CCPR: How about transference experiences? Are these something that people can be aware of early on that might give clues to a diagnosis?
Dr. Glovinsky: We know that our responses to situations are colored by early experiences, particularly with our parents. Selma Fraiberg refers to this as “ghosts in the nursery,” where parents are reacting to their children based on their own experiences with their own parents (Fraiberg S et al, Psychiatr Enfant 1983;26(1):57–98). All parents do this to a degree, even if they are not aware of it. We may react to the child based on our past relationships. So, when I talk to parents, I want to talk to them about all those past parenting influences. This almost invariably leads parents to talk about how their upbringing is affecting how they treat their child—for instance, “My dad yelled at me, and now I coddle my kid too much to make up for it.” It is also a reminder to myself to be aware of how I am reacting to the child and to the parents. Our experiences affect our work with people, and being reflective and self-aware is very necessary in our work.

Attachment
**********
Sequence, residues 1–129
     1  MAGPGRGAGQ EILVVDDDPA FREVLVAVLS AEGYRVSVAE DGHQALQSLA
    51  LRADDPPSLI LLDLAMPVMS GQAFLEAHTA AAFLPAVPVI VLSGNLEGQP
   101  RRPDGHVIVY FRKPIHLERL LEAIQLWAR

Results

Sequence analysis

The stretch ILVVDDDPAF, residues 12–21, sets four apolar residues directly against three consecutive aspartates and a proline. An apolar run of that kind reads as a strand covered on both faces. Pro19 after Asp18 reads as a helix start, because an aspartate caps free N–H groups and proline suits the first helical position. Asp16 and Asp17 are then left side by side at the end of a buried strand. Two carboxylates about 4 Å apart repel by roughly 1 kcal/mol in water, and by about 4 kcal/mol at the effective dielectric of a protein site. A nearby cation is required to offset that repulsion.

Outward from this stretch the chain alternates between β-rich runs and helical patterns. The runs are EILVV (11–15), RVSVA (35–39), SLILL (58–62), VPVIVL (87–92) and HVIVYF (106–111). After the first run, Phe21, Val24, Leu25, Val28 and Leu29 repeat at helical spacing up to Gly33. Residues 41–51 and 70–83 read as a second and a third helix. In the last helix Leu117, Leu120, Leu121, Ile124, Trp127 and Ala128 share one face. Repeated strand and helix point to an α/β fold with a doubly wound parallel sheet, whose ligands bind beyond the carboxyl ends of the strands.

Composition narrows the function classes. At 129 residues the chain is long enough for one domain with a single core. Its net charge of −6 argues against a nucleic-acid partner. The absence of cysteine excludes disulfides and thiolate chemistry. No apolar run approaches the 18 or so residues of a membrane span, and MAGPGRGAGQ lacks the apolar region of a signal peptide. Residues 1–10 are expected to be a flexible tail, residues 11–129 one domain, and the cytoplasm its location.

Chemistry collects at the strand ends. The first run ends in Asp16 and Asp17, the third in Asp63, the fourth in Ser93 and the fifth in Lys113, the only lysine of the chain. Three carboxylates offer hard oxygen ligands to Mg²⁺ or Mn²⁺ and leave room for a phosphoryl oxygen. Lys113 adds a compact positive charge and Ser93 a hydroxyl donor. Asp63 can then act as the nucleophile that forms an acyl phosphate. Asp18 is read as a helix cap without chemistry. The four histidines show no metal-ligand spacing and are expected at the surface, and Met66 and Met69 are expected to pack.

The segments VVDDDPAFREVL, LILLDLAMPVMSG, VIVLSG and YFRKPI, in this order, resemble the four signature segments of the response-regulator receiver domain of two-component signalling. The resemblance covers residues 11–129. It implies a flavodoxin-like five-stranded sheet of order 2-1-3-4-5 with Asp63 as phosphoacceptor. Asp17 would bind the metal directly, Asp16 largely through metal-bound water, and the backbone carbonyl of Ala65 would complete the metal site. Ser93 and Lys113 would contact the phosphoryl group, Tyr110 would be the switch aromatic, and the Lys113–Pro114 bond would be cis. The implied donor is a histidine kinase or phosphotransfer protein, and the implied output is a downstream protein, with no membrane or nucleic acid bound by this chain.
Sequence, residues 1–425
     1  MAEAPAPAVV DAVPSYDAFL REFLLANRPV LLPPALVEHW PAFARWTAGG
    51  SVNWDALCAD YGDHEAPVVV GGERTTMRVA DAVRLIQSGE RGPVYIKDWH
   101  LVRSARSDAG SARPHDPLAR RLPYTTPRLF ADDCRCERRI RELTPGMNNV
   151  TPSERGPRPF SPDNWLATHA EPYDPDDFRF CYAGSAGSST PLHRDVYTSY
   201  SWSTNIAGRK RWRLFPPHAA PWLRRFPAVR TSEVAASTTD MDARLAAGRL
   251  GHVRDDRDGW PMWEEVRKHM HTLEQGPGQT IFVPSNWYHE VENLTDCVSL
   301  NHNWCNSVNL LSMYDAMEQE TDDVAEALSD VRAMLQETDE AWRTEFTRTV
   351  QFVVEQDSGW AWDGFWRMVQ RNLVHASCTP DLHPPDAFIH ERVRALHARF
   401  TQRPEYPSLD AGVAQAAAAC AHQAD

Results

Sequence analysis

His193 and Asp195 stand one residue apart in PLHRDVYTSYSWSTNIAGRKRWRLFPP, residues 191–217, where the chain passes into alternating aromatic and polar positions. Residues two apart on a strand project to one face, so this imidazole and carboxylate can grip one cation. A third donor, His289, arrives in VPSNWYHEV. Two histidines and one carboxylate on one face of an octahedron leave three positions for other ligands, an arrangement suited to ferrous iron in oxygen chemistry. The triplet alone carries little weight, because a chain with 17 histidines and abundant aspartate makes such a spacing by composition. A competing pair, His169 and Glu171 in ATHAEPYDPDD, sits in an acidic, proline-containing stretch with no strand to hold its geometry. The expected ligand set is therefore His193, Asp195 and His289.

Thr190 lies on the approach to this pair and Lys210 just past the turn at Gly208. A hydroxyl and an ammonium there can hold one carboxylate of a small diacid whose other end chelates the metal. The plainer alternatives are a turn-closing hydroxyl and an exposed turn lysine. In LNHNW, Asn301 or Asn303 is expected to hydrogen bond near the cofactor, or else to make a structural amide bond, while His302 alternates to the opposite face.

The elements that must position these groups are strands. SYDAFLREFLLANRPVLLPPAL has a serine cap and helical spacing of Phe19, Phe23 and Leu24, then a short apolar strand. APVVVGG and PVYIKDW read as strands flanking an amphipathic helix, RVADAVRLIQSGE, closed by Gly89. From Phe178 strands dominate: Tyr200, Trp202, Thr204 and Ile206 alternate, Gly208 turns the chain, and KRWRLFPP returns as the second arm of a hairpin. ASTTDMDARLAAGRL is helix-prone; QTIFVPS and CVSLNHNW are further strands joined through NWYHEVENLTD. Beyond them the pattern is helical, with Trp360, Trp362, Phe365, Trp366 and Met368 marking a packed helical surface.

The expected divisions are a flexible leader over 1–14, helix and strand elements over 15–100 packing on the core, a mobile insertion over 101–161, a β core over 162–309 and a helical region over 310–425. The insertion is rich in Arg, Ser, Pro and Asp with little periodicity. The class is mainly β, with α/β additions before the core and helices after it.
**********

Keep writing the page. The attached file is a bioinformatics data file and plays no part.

CCPR: How does a busy clinician do this while working with the child or family?
Dr. Glovinsky: In the moment, I will often remark, “Let me take a second to think about that,” modeling that kind of reflective stance. When somebody is telling me a story, I might ask a gentle open-ended question, such as, “What’s that like?” Then, as I listen, I try to put myself in the shoes of the other person. It is very powerful and enlightening. It’s what Atticus Finch told Scout to do in To Kill a Mockingbird. But we often forget the importance of doing this and instead become judgmental about the child’s behavior or the parents’ style of parenting, which obscures our ability to really understand and help them.